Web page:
In my hyperbole-filled, completely optimistic world of puppies and rainbows, I would say the answer to this question is yes (in bold and italics!)! Of course I would follow my favorite game designers anywhere. I want to have Shigeru Miyamoto’s babies, so I would buy anything he is selling. But, wait. Maybe I need to calm down for a second Maybe I need to put my shirt back on, and really think about this for a second. As much as I adore the legendary designer (seriously, LET ME HAVE HIS BABIES!), I never purchased Wii Music (a game Miyamoto designed). It just didn’t interest me. And this is coming from the biggest Miyamoto fan on the planet! So, in answering the question “Is there a game designer you would follow anywhere?” with Miyamoto in mind, the answer is sadly (and surprisingly!) no. Not anywhere. (Although I would buy a Pikmin dating sim, no questions asked.) I can say the same thing about other designers I love with a passion: Hironobu Sakaguchi, Hideo Kojima, or Michel Ancel. I love all three of these designers, but I can’t say with certainty that I would buy any game they created based on nothing but their names alone. Conversely, though, I had little to no interest in recent Xbox Live Arcade game Costume Quest the first time I laid eyes on it. It looked pleasant enough, but nothing about the game’s initial impressions excited me enough to buy the game the day it was released. But then I found out the adorable RPG was created by Tim Schafer's Double Fine studios. And that was all I needed. I bought it right away. In fact, looking back, I realized that I have actually purchased every single one of Tim Schafer’s games. All of them. Are they all good? No -- I was ultimately disappointed in Brütal Legend, for example -- but that’s not the question. The question is not whether the designers’ games are good ... it’s whether you would follow those designers anywhere. And, with Tim Schafer, I guess I would (and have!). So, in conclusion: I GUESS I HAVE NO IDEA HOW TO ANSWER MY OWN QUESTION! That’s where I need your help! Do you think a game designer’s name is enough to get you to follow them anywhere? If so, who are some designers you would blindly follow, no matter what? Here is a good scenario to get the conversation started: If Fumito Ueda -- the genius and arguably universally loved creator of ICO, Shadow of the Colossus, and the upcoming The Last Guardian -- decided to make a game in a genre you normally care nothing about ... would you still buy it? If the answer is yes than a game designer’s name really does matter. If the answer is no ... well, maybe you have other priorities outside of a designer’s prestigious moniker. Maybe gameplay is most important. Or graphics. Or story. Maybe a great game designer's name is just icing on the cake. What do you think? The answer is more difficult (and surprising!) than you may think. Sound off in the comments!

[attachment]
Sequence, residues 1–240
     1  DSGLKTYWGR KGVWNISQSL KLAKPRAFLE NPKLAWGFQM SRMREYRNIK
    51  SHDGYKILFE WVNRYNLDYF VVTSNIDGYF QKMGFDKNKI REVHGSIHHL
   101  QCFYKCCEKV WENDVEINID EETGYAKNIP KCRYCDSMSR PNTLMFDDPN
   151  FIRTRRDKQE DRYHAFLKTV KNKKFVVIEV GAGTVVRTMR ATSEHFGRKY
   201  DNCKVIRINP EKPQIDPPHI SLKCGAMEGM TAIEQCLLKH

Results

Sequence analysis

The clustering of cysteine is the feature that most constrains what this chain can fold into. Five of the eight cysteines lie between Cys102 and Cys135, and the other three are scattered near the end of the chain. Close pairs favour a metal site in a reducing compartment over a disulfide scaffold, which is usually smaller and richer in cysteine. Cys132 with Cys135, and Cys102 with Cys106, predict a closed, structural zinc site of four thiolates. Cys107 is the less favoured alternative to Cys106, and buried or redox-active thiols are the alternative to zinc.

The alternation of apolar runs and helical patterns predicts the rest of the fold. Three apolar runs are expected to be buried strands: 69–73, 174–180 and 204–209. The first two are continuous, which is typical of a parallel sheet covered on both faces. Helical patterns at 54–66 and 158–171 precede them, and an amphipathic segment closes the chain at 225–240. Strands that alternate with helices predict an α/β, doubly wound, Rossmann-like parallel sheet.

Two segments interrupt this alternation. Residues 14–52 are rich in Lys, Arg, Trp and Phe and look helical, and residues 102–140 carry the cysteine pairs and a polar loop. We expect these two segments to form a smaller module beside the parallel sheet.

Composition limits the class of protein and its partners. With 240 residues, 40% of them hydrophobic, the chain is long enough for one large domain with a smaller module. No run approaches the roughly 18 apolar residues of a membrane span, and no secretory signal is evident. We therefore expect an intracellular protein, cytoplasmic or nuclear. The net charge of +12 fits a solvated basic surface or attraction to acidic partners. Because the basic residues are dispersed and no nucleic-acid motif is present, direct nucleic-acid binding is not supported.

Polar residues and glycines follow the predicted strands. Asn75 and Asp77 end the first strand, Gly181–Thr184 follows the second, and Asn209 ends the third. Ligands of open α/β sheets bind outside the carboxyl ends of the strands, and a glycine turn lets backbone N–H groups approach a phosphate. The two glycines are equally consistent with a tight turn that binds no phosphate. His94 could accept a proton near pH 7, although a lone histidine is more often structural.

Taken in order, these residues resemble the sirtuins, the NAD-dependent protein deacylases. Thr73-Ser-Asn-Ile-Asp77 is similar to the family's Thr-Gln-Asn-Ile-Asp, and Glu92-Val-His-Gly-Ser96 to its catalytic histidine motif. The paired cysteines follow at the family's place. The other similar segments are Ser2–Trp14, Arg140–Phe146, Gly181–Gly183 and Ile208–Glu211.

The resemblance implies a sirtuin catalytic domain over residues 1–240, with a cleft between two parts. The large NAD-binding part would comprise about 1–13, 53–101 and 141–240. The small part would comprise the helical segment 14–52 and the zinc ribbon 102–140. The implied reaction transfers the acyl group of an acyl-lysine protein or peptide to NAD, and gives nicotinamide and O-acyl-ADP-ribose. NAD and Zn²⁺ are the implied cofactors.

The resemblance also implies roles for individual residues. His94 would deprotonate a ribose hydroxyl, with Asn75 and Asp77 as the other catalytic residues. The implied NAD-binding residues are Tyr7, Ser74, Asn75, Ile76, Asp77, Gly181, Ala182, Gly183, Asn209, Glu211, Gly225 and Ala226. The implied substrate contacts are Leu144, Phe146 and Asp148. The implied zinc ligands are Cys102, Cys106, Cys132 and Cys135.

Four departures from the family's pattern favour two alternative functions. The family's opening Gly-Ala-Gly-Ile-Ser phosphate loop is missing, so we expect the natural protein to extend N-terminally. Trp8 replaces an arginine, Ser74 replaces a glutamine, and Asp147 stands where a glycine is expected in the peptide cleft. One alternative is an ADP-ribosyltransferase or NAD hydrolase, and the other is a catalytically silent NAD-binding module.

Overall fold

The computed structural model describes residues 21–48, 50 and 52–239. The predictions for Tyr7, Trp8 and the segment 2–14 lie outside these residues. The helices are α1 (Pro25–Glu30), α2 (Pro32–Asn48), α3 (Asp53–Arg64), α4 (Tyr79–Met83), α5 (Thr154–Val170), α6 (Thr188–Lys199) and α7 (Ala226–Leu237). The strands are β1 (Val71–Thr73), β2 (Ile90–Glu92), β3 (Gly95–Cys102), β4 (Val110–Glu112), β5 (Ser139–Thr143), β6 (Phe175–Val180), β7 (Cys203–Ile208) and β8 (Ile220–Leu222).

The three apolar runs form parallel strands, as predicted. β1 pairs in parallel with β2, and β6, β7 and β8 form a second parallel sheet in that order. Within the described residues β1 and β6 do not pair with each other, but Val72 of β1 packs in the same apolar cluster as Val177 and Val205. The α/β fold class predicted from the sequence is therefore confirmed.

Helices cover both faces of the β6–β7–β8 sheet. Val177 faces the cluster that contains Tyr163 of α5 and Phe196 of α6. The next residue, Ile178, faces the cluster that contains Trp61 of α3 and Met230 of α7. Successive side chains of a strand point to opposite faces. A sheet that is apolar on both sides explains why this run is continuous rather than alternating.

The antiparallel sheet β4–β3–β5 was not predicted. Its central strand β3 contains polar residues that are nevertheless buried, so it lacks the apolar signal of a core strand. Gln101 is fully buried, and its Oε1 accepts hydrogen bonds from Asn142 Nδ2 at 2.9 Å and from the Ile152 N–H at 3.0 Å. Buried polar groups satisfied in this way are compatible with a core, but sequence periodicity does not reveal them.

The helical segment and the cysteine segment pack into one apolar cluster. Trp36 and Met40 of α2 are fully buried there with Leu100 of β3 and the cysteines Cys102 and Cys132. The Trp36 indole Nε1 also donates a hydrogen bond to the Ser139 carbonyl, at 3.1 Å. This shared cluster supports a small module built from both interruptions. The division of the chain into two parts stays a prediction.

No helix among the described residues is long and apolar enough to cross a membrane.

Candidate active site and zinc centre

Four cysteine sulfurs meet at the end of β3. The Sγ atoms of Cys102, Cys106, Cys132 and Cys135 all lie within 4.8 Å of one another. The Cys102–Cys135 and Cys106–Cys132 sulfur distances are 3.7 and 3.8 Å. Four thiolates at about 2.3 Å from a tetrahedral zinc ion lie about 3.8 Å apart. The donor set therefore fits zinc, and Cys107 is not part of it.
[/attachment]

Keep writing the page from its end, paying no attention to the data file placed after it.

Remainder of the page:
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There was a recent, rather interesting blog post on Entertainment Weekly’s website that asked: “What film directors would you follow anywhere?” Basically, the post talked about how important a director is wh...

Watch Jane McGonigal on Colbert Report

Feb 04 // Conrad Zimmerman
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Game designer and researcher Jane McGonigal appeared on The Colbert Report tonight to promote her new book, Reality is Broken. In the interview, McGonigal discusses some of the potential for games when it comes to impro...

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Twisted Pixel talks about personality in games


Nov 25
// Maurice Tan
Josh Bear, creative director at Twisted Pixel, loves gameplay. But over the years, he noticed that just having great gameplay is just not enough to create memorable experiences. You need characters with personality as well, o...